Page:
The Colonel’s Cabinet

Copied Renée Stout, The Colonel's Cabinet, 1991-1994, mixed media: carpet, chair, painting, and cabinet with found and handmade objects, overall: 67 126050 12 in. (171.5152.4128.3 cm.), Smithsonian American Art Museum, Museum purchase made possible by Ralph Cross Johnson, 1994.45.1A-MMM, © 1994, Renee Stout

Artwork Details

The Colonel’s Cabinet
Not on view
overall: 67 126050 12 in. (171.5152.4128.3 cm.)
© 1994, Renee Stout
Credit Line
Museum purchase made possible by Ralph Cross Johnson
Mediums Description
mixed media: carpet, chair, painting, and cabinet with found and handmade objects
  • Object — art object — sculpture
  • Object — furniture — chair
  • Object — written matter — book
  • Object — furniture — cabinet
  • Object — other — container
  • Object — musical instrument — guitar
  • Object — written matter — map
  • Object — art object — photograph
  • Object — weapon — dagger
Object Number

Artwork Description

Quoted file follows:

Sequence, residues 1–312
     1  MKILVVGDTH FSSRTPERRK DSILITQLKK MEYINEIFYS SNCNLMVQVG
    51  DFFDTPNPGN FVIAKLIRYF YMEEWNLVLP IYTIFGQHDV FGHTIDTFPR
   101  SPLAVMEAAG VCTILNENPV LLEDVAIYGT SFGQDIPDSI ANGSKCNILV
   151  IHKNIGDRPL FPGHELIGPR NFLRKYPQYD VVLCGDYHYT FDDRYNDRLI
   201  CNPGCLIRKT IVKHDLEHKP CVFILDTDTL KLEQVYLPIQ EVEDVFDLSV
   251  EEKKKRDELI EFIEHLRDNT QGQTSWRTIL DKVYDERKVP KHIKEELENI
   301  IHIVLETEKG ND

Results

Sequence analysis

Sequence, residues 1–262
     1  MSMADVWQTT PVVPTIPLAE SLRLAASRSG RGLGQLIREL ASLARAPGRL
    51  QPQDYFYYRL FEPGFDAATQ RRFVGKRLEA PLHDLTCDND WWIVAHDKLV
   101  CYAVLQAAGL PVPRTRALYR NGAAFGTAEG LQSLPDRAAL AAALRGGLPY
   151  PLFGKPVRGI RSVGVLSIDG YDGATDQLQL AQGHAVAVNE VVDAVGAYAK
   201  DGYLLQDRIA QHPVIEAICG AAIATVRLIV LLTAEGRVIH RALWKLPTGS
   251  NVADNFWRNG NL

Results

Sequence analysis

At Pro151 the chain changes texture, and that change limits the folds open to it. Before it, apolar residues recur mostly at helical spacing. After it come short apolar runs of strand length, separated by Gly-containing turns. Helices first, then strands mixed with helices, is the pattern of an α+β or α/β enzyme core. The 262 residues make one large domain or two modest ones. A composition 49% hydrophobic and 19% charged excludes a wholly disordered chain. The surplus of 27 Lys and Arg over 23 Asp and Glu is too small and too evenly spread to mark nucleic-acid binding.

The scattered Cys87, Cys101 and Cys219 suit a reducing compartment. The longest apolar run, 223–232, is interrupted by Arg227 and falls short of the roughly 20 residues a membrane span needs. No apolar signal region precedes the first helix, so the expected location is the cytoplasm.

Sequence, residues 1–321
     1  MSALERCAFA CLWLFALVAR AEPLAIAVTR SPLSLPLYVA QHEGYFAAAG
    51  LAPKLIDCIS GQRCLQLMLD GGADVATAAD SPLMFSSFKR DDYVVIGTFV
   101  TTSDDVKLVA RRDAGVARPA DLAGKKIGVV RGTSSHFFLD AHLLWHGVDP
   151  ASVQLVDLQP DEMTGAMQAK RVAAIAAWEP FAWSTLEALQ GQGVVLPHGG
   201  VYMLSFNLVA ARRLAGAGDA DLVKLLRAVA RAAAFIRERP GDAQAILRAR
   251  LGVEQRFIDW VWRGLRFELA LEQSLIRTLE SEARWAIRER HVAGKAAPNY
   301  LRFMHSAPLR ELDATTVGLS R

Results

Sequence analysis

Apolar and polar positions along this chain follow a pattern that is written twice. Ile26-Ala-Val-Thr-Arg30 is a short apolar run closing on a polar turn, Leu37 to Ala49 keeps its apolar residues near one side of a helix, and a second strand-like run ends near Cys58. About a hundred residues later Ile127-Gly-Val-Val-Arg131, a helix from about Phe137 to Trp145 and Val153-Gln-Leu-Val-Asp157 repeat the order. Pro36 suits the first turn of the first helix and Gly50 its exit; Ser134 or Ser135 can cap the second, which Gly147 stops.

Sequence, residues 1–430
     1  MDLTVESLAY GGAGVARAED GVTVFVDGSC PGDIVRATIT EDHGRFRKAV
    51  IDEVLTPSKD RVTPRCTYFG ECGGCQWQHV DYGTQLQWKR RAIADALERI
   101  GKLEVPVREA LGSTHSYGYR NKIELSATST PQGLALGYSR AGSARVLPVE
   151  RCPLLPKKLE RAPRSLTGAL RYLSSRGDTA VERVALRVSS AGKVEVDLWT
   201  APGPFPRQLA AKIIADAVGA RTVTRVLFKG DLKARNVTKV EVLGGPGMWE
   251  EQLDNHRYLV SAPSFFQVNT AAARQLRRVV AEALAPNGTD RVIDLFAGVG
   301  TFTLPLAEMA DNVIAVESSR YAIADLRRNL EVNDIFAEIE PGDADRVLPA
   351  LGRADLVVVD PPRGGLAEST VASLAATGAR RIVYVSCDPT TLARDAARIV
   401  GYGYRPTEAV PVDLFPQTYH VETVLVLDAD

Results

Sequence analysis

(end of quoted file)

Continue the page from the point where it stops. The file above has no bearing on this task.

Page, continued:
The Colonel’s Cabinet is a narrative of exploration and memory that traces the life of one Colonel Frank. Like the gentleman travelers of the seventeenth and eighteenth centuries who created “cabinets of curiosities” filled with artifacts of distant people and places, the fictitious Colonel Frank collected small treasures to remind himself of where he had been and individuals he had met. An invented persona based on Stout’s father, who, she said, brought the world to her shy and introspective mother, the colonel also reflects Stout’s own search for a personal history.

African American Art: Harlem Renaissance, Civil Right Era, and Beyond, 2012


Media - 1995.22.1 - SAAM-1995.22.1_1 - 65784
African American Art in the 20th Century
January 18, 2019January 18, 2019
The Smithsonian American Art Museum is home to one of the most significant collections of African American art in the world.